This Tom Morris play club is an interesting study. First, the not so good news: The head has been reshafted with an old period shaft that still retains its original sheepskin grip. There is a number of grain separations/cracks in the top of the head. They are visible on close inspection. There also appears to be evidence of a thin, repaired crack that runs down the back of the neck onto the sole. The evidence of the crack takes exceptionally close inspection to find. Additional varnish was used to coat the head and fill in and cover the distressed wood. The varnish was also added to the face which had a few light horizontal scoring lines added in years past. The lead in the back of the head is not original, but it is old—just another step in all of the efforts undertaken to maintain this club in days past. The lead is unique in that a lead plug was added to the center of the lead. The auctioneer has not seen that before! It's actually quite interesting.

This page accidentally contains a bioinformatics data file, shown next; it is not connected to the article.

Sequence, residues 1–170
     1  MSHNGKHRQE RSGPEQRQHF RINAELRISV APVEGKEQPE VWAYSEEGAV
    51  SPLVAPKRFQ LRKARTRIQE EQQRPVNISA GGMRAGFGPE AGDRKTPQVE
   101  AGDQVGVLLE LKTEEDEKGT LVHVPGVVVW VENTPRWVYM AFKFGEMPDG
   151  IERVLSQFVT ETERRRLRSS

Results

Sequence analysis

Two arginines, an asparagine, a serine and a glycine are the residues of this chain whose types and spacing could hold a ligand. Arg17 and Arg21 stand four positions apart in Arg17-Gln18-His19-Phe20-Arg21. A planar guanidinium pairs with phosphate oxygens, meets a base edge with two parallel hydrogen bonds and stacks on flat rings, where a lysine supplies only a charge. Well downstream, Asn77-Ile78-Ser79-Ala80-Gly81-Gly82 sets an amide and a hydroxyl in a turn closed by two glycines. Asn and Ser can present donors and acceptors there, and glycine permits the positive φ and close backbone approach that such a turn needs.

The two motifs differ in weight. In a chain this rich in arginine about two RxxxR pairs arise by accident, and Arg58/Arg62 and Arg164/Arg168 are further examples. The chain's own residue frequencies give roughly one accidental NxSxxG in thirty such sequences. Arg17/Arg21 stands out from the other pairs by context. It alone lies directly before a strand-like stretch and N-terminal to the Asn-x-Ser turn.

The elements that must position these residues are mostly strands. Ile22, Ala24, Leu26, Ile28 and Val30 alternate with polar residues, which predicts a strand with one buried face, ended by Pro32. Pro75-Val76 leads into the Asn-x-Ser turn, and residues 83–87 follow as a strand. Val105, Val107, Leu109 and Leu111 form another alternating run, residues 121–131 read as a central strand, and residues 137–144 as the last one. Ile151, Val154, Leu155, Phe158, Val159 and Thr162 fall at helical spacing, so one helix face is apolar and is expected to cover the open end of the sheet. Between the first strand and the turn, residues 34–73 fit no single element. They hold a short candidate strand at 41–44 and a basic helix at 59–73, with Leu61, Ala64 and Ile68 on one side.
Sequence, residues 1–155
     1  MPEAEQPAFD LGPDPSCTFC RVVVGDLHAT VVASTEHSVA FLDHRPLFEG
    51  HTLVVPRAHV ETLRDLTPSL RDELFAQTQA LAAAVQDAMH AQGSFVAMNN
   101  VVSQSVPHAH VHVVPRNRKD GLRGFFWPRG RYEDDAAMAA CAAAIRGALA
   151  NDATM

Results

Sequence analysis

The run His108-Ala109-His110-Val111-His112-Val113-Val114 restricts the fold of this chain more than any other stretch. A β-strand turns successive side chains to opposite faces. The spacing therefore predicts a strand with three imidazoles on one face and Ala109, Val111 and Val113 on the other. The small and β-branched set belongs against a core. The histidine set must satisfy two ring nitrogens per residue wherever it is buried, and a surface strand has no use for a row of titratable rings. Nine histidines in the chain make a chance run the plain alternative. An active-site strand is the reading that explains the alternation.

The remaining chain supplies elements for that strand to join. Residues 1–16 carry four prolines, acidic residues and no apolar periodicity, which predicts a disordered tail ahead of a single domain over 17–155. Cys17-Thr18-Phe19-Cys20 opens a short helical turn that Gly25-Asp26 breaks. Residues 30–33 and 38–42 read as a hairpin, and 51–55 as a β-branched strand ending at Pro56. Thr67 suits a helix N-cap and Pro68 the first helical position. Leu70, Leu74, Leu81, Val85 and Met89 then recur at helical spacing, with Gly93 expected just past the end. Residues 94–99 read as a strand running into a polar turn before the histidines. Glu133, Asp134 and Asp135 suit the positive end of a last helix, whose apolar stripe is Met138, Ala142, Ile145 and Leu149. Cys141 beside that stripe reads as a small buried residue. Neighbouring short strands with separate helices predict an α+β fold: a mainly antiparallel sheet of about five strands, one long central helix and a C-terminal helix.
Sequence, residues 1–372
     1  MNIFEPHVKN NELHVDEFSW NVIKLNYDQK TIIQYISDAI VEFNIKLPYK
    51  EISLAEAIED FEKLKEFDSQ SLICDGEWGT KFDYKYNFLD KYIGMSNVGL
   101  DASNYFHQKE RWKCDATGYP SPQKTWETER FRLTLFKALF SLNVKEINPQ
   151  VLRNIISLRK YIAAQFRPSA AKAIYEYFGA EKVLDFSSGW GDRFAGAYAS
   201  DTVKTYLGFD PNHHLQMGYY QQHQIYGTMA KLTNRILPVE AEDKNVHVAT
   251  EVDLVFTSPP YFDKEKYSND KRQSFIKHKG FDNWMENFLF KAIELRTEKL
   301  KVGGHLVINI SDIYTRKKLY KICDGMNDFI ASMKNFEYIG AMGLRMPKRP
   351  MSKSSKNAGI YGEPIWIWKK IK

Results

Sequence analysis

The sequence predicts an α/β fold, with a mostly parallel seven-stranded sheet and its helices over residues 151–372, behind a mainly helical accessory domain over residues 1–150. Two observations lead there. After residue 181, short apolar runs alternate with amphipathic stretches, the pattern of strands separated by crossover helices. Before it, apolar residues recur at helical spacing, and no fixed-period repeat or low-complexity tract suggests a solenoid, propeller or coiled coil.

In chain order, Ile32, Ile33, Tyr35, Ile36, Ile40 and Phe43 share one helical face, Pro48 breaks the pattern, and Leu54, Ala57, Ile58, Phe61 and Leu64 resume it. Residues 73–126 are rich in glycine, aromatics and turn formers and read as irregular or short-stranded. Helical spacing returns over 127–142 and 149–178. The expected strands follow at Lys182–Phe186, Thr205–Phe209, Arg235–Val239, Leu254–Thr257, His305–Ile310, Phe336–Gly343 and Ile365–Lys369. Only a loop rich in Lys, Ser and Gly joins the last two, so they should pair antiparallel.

Now the good news: A replica club made with all new materials can cost more the opening bid for this club, and this clubhead was made by the Grand Old Man of Golf and still presents quite well. All of the materials used to construct this club are old, and showing age via grain separations and repairs is part of life on many an antique club. In this instance, the restoration/maintenance work preserved an attractive clubhead. And that is a good thing. Not every club is going to be perfect, but clubs such as this one can be far more friendly to one's pocketbook and still strike a wonderful pose.